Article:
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© Charles DAUGUET, Institut Pasteur
HIV particles
Publication : Journal of virology

Simian immunodeficiency virus replicates to high levels in sooty mangabeys without inducing disease

Scientific Fields
Diseases
Organisms
Applications
Technique

Published in Journal of virology - 01 May 1998

Rey-Cuillé MA, Berthier JL, Bomsel-Demontoy MC, Chaduc Y, Montagnier L, Hovanessian AG, Chakrabarti LA

Link to Pubmed [PMID] – 9557672

J. Virol. 1998 May;72(5):3872-86

A serologic survey of primates living in a French zoo allowed identification of three cases of infection with simian immunodeficiency virus in sooty mangabeys (Cercocebus atys) (SIVsm). Viral isolates, which were designated SIVsmFr66, SIVsmFr74, and SIVsmFr85, were obtained after short-term culture of mangabey lymphoid cells. Phylogenetic analysis of gag and env sequences amplified directly from mangabey tissues showed that the three SIVsmFr were genetically close and that they constituted a new subtype within the diverse SIVsm-SIVmac-human immunodeficiency virus type 2 (HIV-2) group. We could reconstruct the transmission events that likely occurred in 1986 between the three animals and evaluate the divergence of SIVsmFr sequences since transmission. The estimated rate of mutation fixation was 6 x 10(-3) substitutions per site per year, which was as high as the rate found for SIVmac infection in macaques. These data indicated that SIVsmFr replicated at a high rate in mangabeys, despite the nonpathogenic character of infection in this host. The viral load evaluated by competitive PCR reached 20,000 viral DNA copies per 10(6) lymph node cells. In addition, productively infected cells were readily detected in mangabey lymphoid tissues by in situ hybridization. The amounts of viral RNA in plasma ranged from 10(5) to 10(7) copies per ml. The cell-associated and plasma viral loads were as high as those seen in susceptible hosts (humans or macaques) during the asymptomatic stage of HIV or SIVmac infections. Thus, the lack of pathogenicity of SIVsm for its natural host cannot be explained by limited viral replication or by tight containment of viral production.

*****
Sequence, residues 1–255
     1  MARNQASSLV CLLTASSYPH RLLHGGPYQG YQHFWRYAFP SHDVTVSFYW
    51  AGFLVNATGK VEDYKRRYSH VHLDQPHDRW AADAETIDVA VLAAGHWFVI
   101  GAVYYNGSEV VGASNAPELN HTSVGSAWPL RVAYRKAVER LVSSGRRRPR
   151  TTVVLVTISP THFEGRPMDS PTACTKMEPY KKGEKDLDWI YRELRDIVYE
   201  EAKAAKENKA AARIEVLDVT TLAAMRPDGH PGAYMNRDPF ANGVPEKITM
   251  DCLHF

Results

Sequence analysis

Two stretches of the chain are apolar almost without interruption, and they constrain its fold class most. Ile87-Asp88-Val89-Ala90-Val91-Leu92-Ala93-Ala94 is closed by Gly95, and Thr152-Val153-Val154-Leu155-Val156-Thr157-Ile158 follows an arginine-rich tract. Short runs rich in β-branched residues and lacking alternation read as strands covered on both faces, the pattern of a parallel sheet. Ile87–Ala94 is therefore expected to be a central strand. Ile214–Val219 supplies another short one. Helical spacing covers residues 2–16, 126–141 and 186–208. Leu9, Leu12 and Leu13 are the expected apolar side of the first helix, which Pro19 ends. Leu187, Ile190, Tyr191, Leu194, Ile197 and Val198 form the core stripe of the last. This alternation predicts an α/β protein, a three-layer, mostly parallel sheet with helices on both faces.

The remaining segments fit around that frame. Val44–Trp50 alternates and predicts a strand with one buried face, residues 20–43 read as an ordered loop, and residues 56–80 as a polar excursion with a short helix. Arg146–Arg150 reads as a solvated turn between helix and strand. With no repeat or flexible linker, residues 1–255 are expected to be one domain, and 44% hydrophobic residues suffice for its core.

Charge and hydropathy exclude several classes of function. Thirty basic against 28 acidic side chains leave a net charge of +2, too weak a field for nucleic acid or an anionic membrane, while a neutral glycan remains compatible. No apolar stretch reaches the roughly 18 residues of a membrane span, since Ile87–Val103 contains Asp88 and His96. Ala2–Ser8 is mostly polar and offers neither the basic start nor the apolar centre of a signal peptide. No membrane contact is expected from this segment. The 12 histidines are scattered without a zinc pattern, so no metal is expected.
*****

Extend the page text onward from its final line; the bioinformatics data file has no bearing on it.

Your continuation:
http://www.ncbi.nlm.nih.gov/pubmed/9557672